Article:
Partly Cloudy, For Now


The Dark Cloud Lupus 4Lupus 4, a spider-shaped blob of gas and dust, blots out background stars like a dark cloud on a moonless night. Although dark and gloomy for now, dense pockets of material within such clouds are where new stars form and where they will later burst into radiant life. Lupus 4 is about 400 light-years away, straddling the constellations of Lupus (The Wolf) and Norma (The Carpenter’s Square).

Image Credit: ESO

A New Star Factory


Star cluster NGC 6193 and nebula NGC 6188Star cluster NGC 6193 is in the center of this image. It contains thirty or so bright stars and forms the heart of the Ara OB1 association (so named because it is in the southern constellation of Ara, the Altar). The two brightest stars are very hot giants. Together, they provide the main source of illumination for the nearby emission nebula, the Rim Nebula, or NGC 6188, visible to the right of the cluster.

The ultraviolet radiation and intense stellar wind from the stars of NGC 6193 seem to be driving the next generation of star formation in the surrounding clouds of gas and dust. As the gas and duct collapse, it forms new stars.

Image Credit: ESO

W40


This red butterfly in space is a nebula, a giant cloud of gas and dust officially cataloged as W40. The “wings” of the butterfly are giant bubbles of gas being blown out by massive stars. The formation of those stars resulted in the destruction of the very cloud that helped create them. Stars form inside giant clouds of gas and dust as the force of gravity pulls material together into dense clumps. When a clump of matter reaches a critical density a star is born. Radiation and winds coming from the massive stars in W40 have blow  cosmic bubbles dispersing the gas and dust, breaking up smaller clumps of matter, and reducing or halting new star formation.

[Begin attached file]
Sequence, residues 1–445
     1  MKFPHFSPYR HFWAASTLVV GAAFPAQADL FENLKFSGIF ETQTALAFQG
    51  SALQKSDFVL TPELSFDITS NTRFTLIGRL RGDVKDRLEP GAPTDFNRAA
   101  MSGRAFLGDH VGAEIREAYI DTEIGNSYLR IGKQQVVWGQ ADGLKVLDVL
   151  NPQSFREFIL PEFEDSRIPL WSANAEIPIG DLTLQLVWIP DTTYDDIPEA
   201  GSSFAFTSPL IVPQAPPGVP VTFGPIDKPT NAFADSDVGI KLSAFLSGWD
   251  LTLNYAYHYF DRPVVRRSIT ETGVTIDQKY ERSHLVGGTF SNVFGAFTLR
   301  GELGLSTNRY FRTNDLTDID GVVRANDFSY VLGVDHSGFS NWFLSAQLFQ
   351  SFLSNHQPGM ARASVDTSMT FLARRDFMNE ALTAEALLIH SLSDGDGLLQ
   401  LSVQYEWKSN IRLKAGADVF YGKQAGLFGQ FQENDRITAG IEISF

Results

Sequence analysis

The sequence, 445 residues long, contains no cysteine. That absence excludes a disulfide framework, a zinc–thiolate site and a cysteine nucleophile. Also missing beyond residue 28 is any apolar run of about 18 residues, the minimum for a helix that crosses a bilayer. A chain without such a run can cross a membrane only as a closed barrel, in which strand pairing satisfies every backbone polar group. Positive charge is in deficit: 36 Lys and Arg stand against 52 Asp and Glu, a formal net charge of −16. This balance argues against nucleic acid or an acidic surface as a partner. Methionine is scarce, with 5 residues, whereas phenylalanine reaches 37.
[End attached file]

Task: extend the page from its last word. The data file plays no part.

Image Credit: NASA

LEGUS


These six images are part of the Hubble Space Telescope’s Legacy ExtraGalactic UV Survey (LEGUS), the sharpest, most comprehensive ultraviolet-light survey of star-forming galaxies in the nearby universe. The survey data provide detailed information on young, massive stars and star clusters and how their environment affects their development. The six imaged galaxies include two dwarf galaxies (UGC 5340 and UGCA 281) and four large spiral galaxies (NGC 3368, NGC 3627, NGC 6744, and NGC 4258). The images are a blend of ultraviolet light and visible light from Hubble’s Wide Field Camera 3 and Advanced Camera for Surveys.
Image Credits: NASA / ESA / LEGUS

Stellar Explosions in Orion


Stellar explosions are usually associated with supernovae, the spectacular deaths of stars. New ALMA observations of the Orion Nebula provide insights into explosions at the other end of the stellar life cycle, star birth. This image shows the remains of a 500-year-old explosion from the birth of a group of massive stars; star formation can be a violent and explosive process too.

The colors in the ALMA data represent the relative Doppler shifting of the millimetre-wavelength light emitted by carbon monoxide gas. Blue data represents gas approaching at the highest speeds; the red data is from gas moving toward us more slowly.

The millimetre wave data is superimposed over optical and near-infrared images from the Gemini South and the ESO Very Large Telescope. The famous Trapezium Cluster of hot young stars appears towards the bottom of this image. The ALMA data only covers the central portion of the picture.

Image Credit: ESO

Yellow Balls


Volunteers using the web-based Milky Way Project brought star-forming features nicknamed "yellowballs" to the attention of researchers, who later showed that they are a phase of massive star formation.Infrared wavelengths of 3.6, 8.0, and 24 µm are mapped into visible colors red, green, and blue in this Spitzer Space Telescope image. The cloud of gas and dust is W33, a massive starforming complex some 13,000 light-years distant near the plane of our Milky Way Galaxy.

Amateur scientists of the web-based Milky Way Project found the features they called yellow balls as they scanned many Spitzer images and persistently asked that question of the pros. Now there is an answer. The yellow balls are  an early stage of massive star formation. They appear yellow in the false color IR images because they are overlapping regions of “red” and “green,” the colors that correspond to dust and organic molecules known as PAHs at the Spitzer detector wavelengths. Yellow balls represent the stage before newborn massive stars clear out cavities in their surrounding gas and dust.

Image Credit: NASA